From 1870-1890, American gynecologists positioned themselves at the center of debates about women’s education. Gynecologists manipulated social anxiety about shifting demographics and falling birthrates among white middle class women in order to legitimate their emerging discipline. In doing so, they couched American understandings of infertility in a politics of blame and demonized women for their inability to reproduce. Although doctors’ conversations about “sterility” primarily took place within the pages of journals published by all-male medical associations, many women engaged in this debate and challenged medical authority in the pages of popular magazines and newspapers. Female doctors, teachers, scholars, women’s college administrators, and their male allies employed a wide range of rhetorical strategies in their responses to male doctors’ theories. They reframed the debate over higher education and sterility into a discussion of the failings of patriarchal gender norms and the importance of objective scientific inquiry. They did so as the medical profession’s commitment to anecdotal evidence and individual treatment faced pressure from the emerging fields of quantitative studies, epidemiology, and medical statistics. A debate that began with a few vocal doctors with passionate but largely unsubstantiated claims had grown to incorporate discussions about scientific method, women’s rights, and female autonomy.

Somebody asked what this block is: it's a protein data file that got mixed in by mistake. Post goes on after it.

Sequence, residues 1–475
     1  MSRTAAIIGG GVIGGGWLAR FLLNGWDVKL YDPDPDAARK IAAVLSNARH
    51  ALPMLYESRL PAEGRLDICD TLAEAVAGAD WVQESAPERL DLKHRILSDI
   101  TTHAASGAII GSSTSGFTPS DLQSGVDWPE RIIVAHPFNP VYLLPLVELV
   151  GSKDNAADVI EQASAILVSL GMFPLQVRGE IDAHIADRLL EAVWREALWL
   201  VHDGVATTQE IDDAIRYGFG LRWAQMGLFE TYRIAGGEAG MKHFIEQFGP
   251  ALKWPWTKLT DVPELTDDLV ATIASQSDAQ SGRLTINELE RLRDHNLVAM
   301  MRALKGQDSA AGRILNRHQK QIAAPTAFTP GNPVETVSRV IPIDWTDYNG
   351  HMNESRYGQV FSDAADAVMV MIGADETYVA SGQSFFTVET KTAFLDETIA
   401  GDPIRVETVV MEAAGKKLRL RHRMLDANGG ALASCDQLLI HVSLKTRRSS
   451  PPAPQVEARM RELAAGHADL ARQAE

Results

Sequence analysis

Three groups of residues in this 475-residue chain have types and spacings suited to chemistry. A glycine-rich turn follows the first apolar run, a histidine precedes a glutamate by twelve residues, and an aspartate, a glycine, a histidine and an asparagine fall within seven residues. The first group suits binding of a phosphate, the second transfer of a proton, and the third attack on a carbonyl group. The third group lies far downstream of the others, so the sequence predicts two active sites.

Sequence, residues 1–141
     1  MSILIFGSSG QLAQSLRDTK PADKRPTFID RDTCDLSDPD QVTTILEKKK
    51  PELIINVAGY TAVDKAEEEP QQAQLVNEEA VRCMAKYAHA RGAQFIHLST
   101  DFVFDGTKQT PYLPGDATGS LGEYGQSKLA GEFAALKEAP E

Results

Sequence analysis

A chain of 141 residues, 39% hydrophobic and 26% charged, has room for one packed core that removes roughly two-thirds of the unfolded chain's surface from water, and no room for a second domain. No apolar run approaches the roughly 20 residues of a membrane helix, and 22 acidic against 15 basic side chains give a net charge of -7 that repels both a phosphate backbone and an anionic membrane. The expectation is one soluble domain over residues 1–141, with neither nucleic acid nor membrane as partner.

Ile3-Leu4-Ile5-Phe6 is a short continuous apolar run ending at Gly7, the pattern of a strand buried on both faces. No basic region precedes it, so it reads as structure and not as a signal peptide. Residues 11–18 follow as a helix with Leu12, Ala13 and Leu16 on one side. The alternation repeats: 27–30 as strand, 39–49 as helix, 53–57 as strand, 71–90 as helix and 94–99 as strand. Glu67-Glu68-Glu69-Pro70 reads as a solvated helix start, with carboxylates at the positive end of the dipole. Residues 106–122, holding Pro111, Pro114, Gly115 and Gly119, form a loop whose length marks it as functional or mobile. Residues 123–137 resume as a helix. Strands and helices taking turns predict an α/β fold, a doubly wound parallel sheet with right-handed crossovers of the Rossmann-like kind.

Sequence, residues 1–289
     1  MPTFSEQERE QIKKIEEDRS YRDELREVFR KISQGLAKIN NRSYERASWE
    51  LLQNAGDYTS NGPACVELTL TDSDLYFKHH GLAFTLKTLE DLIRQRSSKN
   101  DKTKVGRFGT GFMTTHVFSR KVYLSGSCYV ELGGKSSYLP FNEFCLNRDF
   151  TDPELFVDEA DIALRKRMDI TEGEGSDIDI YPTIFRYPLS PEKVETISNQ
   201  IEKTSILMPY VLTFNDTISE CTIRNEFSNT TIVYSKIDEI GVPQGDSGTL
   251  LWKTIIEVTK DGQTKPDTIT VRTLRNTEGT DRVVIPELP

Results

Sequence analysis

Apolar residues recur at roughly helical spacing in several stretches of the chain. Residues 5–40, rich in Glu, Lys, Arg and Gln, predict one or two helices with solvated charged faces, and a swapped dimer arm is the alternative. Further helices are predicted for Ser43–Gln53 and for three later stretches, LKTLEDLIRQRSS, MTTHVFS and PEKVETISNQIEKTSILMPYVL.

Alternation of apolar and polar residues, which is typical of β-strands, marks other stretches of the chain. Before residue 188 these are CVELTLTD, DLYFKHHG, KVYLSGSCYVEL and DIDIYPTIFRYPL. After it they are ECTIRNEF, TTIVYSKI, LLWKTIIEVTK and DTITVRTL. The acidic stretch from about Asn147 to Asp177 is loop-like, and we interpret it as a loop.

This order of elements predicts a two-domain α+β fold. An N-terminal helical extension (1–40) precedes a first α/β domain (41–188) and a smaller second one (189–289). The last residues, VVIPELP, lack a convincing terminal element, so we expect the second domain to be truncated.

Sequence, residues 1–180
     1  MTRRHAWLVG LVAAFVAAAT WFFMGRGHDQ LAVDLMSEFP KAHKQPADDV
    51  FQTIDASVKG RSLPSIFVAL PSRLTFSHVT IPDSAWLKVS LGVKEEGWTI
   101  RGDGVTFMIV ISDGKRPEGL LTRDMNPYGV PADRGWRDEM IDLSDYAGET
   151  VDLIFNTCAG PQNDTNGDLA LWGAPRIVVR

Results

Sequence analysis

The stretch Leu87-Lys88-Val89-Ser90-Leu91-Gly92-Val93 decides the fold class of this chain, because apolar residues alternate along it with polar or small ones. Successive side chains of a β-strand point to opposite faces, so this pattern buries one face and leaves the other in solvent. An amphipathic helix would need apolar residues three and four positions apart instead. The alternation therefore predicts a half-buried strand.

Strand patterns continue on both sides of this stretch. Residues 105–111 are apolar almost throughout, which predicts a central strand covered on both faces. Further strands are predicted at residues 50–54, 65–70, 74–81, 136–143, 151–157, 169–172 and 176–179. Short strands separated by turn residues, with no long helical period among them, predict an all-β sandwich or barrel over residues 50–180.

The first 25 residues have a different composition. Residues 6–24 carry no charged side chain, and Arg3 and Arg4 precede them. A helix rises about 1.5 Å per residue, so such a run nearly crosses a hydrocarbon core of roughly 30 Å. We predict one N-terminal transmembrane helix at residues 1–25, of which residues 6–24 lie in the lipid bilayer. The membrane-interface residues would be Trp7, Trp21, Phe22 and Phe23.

"Educated to Death? Women’s Higher Education, Reproductive Health, and the Scientific Method in the United States, 1870-1900.,"
Swarthmore Undergraduate History Journal: Vol. 1
, Article 4.